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the learned, and many of the authors of them have, most deserv

edly, been raised to the highest

station in the Church; but the difference between such sermons, though highly valuable, and some of those of Bishop Horne is this: the former are necessarily didactic, and consisting of proof, close reasoning, and argument: in such sermons brilliant language and images would, generally speaking, be out of place, and would not correspond with, or promote their object; whereas, in particular sermons of Bishop Horne, as noticed in the Appendix to my former volume, the sublimity of his con

ceptions, and of the language in which they are expressed, is most striking. But Longinus will best explain my meaning. "Generally speaking, (he says,) it is wholly in our power to resist or yield to persuasion, but the sublime, endued with strength irresistible, triumphs over every hearer."* Instead of being deterred by the observation of a favorite lyric, but heathen, poet, made in the commencement of one of his confessedly prosaic epistles, I am rather inclined to be guided by the rule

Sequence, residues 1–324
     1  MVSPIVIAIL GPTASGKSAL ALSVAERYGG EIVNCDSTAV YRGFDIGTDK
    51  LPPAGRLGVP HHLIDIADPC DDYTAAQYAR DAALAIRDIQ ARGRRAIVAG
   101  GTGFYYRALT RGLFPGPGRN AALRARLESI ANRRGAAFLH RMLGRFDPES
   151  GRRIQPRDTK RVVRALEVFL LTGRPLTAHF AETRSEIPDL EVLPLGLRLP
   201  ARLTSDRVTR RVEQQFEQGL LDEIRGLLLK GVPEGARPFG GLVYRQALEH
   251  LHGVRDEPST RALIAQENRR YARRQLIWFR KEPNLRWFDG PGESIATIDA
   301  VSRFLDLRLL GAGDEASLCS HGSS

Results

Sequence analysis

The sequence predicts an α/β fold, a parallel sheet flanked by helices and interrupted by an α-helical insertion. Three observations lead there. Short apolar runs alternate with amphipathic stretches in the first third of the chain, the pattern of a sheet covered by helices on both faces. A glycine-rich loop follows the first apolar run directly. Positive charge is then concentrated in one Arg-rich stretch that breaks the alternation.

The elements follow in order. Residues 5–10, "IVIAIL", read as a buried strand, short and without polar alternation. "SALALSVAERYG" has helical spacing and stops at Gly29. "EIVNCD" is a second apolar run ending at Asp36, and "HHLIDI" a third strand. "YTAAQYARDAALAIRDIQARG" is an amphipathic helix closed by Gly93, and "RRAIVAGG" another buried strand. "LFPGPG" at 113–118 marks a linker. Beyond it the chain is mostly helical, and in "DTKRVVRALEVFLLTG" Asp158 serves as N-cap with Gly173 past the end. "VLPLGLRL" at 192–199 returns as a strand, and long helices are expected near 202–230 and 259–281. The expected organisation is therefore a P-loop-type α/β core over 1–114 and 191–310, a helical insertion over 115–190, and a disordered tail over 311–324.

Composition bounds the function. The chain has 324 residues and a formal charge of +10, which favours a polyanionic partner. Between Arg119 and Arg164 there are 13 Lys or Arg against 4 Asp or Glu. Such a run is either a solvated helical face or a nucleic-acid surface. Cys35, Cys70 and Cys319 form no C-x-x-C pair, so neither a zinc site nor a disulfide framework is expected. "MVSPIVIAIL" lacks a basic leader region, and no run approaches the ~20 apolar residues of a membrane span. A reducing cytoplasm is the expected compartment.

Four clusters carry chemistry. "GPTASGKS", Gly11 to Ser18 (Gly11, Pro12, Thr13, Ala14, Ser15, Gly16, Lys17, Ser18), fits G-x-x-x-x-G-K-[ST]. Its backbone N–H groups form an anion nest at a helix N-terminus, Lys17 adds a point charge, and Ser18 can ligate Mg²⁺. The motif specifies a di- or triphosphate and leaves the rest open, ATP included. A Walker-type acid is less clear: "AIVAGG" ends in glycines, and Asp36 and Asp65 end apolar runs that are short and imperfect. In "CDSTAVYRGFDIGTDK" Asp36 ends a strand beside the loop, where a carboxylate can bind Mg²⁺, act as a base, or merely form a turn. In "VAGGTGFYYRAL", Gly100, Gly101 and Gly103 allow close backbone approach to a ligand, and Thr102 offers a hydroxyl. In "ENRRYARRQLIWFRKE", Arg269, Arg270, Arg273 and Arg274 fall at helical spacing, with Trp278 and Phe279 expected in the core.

* Longinus de Sublimitate, Sect. 1. "eye To μev πιθανον ὡς τα πολλὰ ἐφ ̓ ἡμῖν. ταῦτα δὲ, δυνασέτην και βιαν ἅμαχον προσφέροντα, παντὸς επάνω το ακροωμένες καθίσα ταμ.”

established by apostolical authority, and to think that "it is good to be zealously affected always in a good thing."* Whilst I recollect Bishop Horne's peculiarly impressive mode of rousing the slumberers of the world, whilst my mind is fully impregnated with his most cogent arguments on all the great points of Christian faith, I neither wish that I had quoted less, nor

dread any censure for having quoted too copiously. Without further preface I now submit the following pages to the public. As my former volume was received with infinitely more favor than,

*Gal. iv. 18.

from the unaspiring nature of the work, I had any reason to expect, I shall be satisfied if the present undertaking should not be considered as derogating from that portion of credit, which was kindly granted to the first, and should be received by the public with equal

candor and approbation.

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